According to the annual social-media research, video consumption is the most popular online activity for 84 per cent of Asians. Yet only 33 per cent stated that they create videos to post online.
Prashant Kumar, president of IPG Mediabrands, World Markets Asia, noted that Wave 7 identified that consumers will connect with brands that meet five basic needs.
The survey cited relationship (58 per cent), diversion (51 per cent), recognition (53 per cent), progression (39 per cent) and learning (49 per cent) as the five key needs that underpin all consumer interactions.
“By answering these needs, and by combining technology, social platforms and media in a more cohesive way, brands can put themselves in an extremely powerful position,” he said.
The survey noted that some 82 per cent of Asians said visiting brand websites fulfilled their need for “learning” and keeping themselves up to date. They visit brand websites for several primary reasons, including learning more about the brand (80 per cent), to get advance news about products (82 per cent) and to get free content (76 per cent).
The content gap
Reading blogs is another core content-consumption activity among APAC users (81 percent). However, only 58 per cent actively post to blogs.
China is leading the trend, with some 85 per cent of internet users actively reading blogs and 64 per cent actively writing them. Indonesians are the second most voracious blog consumers at 83 per cent, but only 38 per cent actively write blogs. In Singapore 62 per cent read blogs but only 28 per cent write them.
Wave 7 states that microblogging sites are showing some of the highest growth globally (52 per cent), with China leading the way with 86 per cent of internet users active on Sina Weibo to stay in touch with friends (51 per cent) and to express themselves (50 per cent).
Next in the ranking, Indonesians (69 per cent), who view this platform as a leisure activity (52 per cent) and use it to express and share emotions (49 per cent). The adoption of microblogging in Singapore is slow, at only 40 per cent.
Filipinos ranked microblogging highest for its ability to foster human relationships (65 per cent). An equal percentage of Malaysians and the Filipinos (58 per cent) said microblogging fulfills the need for recognition and self-promotion. They also view social media as a means of distraction and passing time (54 per cent).
Thais topped the ranks in APAC for using social networks for advancing their careers (45 per cent), while learning was a critical motivation for social networking in the Philippines.
The usage of professional social networks has shown the fastest growth in the past year, growing from 9 per cent last year to 52 per cent this year. In Singapore, use of such networks has grown from 35 per cent last year to 51 per cent this year.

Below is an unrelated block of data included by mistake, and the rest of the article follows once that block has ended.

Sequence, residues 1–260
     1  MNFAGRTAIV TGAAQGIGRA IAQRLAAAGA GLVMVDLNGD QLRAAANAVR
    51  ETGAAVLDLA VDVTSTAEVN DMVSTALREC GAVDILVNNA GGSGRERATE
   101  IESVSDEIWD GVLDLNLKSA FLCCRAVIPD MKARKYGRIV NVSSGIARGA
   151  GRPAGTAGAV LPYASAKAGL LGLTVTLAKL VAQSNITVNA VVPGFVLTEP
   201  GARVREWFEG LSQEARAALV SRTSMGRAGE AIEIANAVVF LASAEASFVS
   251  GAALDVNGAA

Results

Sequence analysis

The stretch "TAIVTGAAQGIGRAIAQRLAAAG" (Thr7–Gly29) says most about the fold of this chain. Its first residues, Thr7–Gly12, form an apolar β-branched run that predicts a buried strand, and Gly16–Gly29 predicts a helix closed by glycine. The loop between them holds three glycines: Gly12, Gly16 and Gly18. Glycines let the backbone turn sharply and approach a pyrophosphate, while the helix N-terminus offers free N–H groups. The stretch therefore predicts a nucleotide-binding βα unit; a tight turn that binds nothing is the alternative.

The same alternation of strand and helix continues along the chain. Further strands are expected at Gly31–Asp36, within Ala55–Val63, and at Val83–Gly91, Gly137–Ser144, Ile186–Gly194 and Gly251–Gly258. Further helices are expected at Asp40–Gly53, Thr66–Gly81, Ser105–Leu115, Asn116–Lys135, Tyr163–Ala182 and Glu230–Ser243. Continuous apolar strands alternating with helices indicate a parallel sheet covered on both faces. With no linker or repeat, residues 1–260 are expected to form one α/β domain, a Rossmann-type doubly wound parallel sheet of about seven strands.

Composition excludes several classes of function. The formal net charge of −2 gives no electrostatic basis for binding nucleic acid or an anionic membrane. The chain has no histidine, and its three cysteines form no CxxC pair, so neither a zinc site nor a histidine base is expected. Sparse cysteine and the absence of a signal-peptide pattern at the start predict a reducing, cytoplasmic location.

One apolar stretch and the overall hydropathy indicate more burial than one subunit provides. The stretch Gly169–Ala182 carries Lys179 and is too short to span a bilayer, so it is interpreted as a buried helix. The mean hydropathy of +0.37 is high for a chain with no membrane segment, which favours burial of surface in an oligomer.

Emerging markets in the Southeast Asia region, such as Indonesia and the Philippines, are increasingly seeing social media as essential to improving social status, with 30 per cent and 36 per cent, respectively, agreeing it helps build career and financial opportunities.
South Koreans, meanwhile, were the least keen (25 per cent) in the APAC region to use social networking for career advancement opportunities.
The research also detailed how Singapore, Southeast Asia and the wider APAC region have seen increasing mobility and device ownership, particularly smartphones, laptops, tablets, mini tablets and internet-connected TVs.
The laptop still gets cited as the most versatile device globally (80 per cent) and across APAC (83 per cent), except for Korea, where mobile infrastructure makes smartphones the most dominant device owned (84 per cent) over laptops (65 per cent).
Singaporeans lead in laptop and tablet ownership, at 90 per cent and 44 per cent, respectively. China and Hong Kong, however, topped the charts for the smartphone category with 90 per cent ownership. Singapore's smartphone ownership is at 88 per cent, significantly higher than Southeast Asia and the global user base, both at 73 per cent.
Worthy of consumption
The survey underscores what Trendwatching.com has branded ‘infolust’, the strong desire for never-before-seen pieces of content. Trendwatching calls ‘infolust’ a basic human need, symbolising the need for power and empowerment as well as being in the know.
Nick Pan, digital planning director at VML Qais, noted that brands need to make consumers’ life more enjoyable and easier to really connect with them.
“Brands need to ask themselves how they can make a positive impact into the lives of their customers and non customers alike in a sustainable way,” he said. “Brand building has always been a long-term strategy, and meaningful digital platforms are something brands should seriously consider.”
However, the conservative Asian culture has also caused the lesser-than-expected content submission, especially for video and photos. Kimberley Olsen, business development director of Vocanic Singapore, noted that Asians might not feel as comfortable as other populations with producing videos of themselves.
“Videos also require more effort to produce than a simple click and submit as that of a camera phone,” she said. “Other ways to reward fans for watching branded videos could come in the form of exclusive social vouchers and offers that are shared at the end of each video to further encourage purchase decisions.